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Cincinnati launches 311, a way for residents to seek help with non-emergencies

A man filling a pothole
Becca Costello
A Cincinnati Public Services crew filling potholes on Purcell Ave. in Price Hill on February 23, 2022.

Cincinnati officials are trying to make it easier to get help with services. A plan to streamline the process with a hotline, website and app is being tested now.

“One thing we learned through user testing and some of the engagement surveys is that people want to get help from the city and get city services, but they're often confused about how and where to get that,” said Director of Constituent Affairs Chandra Yungbluth.

The 311 hotline was soft-launched earlier this year and operates 24/7. It’s staffed through the Emergency Communications Center, so if someone calls 311 with an actual emergency, they can be immediately transferred (and vice versa).

“It makes it easy, convenient, and equitable for citizens that they only need to know two numbers to access city services: 311 and 911. When there's an emergency, you're calling 911. For everything else, you can call 311,” Yungbluth said.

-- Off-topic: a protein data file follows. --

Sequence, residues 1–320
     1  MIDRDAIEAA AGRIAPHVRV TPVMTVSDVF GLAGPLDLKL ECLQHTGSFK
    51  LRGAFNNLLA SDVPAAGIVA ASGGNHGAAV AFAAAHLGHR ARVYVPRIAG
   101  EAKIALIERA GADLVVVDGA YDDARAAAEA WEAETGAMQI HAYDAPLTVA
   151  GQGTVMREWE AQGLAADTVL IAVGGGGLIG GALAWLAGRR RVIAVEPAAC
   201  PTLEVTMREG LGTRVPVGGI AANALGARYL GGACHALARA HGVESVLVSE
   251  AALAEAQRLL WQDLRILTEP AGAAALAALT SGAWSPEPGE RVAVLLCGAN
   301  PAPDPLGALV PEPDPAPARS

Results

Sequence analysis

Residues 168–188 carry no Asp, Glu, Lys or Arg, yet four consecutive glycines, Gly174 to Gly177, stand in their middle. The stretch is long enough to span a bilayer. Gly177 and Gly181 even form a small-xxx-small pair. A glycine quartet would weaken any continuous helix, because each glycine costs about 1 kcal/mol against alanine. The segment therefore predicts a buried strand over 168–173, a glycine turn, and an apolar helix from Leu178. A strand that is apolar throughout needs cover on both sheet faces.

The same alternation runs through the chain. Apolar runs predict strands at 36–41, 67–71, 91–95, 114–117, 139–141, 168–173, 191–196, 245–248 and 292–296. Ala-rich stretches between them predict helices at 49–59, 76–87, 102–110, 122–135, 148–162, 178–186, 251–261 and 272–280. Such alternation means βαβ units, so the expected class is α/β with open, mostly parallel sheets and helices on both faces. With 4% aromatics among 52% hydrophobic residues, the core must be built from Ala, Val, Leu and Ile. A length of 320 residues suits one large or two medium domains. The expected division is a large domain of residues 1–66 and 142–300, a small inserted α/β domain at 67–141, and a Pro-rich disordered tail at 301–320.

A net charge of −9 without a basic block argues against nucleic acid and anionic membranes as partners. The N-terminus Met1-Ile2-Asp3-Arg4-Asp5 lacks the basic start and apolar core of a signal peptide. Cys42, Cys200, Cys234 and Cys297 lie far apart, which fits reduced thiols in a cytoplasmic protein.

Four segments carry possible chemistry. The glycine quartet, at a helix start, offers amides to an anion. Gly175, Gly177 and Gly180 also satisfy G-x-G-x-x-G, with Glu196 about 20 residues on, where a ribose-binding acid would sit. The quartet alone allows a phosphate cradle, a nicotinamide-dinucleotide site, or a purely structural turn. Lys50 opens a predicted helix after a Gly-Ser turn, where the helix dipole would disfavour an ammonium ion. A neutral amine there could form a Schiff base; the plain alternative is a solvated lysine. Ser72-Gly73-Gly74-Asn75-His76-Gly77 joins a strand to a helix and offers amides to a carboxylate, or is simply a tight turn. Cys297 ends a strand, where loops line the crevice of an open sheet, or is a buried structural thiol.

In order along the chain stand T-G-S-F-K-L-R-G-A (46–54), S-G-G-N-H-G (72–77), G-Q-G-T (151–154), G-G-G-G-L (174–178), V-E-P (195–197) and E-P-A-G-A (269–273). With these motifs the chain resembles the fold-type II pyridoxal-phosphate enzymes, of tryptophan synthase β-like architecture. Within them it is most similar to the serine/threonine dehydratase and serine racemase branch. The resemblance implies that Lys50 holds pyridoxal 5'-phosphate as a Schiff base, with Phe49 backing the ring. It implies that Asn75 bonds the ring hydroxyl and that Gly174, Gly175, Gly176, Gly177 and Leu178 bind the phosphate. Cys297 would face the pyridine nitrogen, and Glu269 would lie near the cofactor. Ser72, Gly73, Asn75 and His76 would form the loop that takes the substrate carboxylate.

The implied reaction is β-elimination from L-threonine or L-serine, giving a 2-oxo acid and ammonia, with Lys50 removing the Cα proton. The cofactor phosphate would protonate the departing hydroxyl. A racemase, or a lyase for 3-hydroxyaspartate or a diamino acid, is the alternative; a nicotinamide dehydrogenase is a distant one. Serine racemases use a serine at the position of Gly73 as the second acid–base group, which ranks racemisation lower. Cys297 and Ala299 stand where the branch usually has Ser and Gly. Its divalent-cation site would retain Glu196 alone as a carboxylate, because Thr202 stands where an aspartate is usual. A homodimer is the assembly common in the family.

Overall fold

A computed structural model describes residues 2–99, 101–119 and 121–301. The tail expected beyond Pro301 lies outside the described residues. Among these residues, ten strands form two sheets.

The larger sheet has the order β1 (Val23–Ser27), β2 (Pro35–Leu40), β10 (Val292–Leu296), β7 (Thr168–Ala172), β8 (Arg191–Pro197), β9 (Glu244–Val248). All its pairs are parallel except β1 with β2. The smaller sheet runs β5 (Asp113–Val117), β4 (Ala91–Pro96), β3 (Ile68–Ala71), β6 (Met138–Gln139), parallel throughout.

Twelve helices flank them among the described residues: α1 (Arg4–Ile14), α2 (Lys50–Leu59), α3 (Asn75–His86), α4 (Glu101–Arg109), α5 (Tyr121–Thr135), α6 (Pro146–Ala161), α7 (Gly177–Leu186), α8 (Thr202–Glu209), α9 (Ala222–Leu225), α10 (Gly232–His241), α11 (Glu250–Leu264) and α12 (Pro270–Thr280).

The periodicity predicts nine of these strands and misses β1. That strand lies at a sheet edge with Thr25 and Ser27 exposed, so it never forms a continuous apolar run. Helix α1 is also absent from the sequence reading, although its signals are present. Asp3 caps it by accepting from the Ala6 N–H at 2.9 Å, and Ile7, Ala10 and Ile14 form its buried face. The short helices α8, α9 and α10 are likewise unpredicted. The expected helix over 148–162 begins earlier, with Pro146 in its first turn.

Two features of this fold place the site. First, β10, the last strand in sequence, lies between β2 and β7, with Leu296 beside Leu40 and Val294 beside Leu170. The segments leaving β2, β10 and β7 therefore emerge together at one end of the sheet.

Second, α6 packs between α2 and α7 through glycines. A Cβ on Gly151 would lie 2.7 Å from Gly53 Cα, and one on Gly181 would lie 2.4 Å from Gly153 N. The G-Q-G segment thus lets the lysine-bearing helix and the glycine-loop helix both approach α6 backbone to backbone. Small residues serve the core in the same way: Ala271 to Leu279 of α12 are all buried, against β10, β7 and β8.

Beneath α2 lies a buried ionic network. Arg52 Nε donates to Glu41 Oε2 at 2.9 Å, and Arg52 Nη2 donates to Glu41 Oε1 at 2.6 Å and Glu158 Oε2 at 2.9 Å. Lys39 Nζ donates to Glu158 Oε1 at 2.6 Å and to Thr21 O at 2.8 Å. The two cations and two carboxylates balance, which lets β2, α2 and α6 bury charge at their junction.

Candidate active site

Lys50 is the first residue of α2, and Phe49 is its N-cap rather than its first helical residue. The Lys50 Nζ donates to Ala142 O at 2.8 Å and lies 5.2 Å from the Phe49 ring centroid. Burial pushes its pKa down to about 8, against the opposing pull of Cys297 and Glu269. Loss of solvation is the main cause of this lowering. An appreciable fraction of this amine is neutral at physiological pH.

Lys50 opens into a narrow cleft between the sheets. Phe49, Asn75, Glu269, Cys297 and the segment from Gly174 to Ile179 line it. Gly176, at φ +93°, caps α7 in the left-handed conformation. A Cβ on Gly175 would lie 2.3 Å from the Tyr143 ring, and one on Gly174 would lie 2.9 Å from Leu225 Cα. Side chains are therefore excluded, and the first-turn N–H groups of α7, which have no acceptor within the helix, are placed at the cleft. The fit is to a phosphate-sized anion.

None of the seven-digit numbers currently in use will be eliminated, but calls to those numbers will be redirected to the 311 call center.

The new website is 311Cincy.com and the Fix It Cincy App has been rebranded as 311 Cincy.

Yungbluth says the city will be able to keep track of requests easier and residents will get responses a lot quicker. The system is live now but still in the testing phase while staff are trained. The city plans a more extensive rollout this fall.

Plus, Yungbluth says, more features will be launched soon.

“If you call from a cell phone, you get an automatic text follow-up after the phone call ends with your service request number, where to track the status of it, and any other pertinent information to it,” she said.

That text follow-up is already in place for 911 calls. Yungbluth says the system could even be used for community engagement down the road.

Learn more in this presentation below:

Becca Costello grew up in Williamsburg and Batavia (in Clermont County) listening to WVXU. Before joining the WVXU newsroom, she worked in public radio & TV journalism in Bloomington, Indiana and Lincoln, Nebraska. Becca has earned numerous awards for her reporting, including from local chapters of the Associated Press and Society of Professional Journalists, and contributed to regional and national Murrow Award winners. Becca has a master's degree in journalism from Indiana University and a bachelor's degree from Cincinnati Christian University. Becca's dog Cincy (named for the city they once again call home) is even more anxious than she is.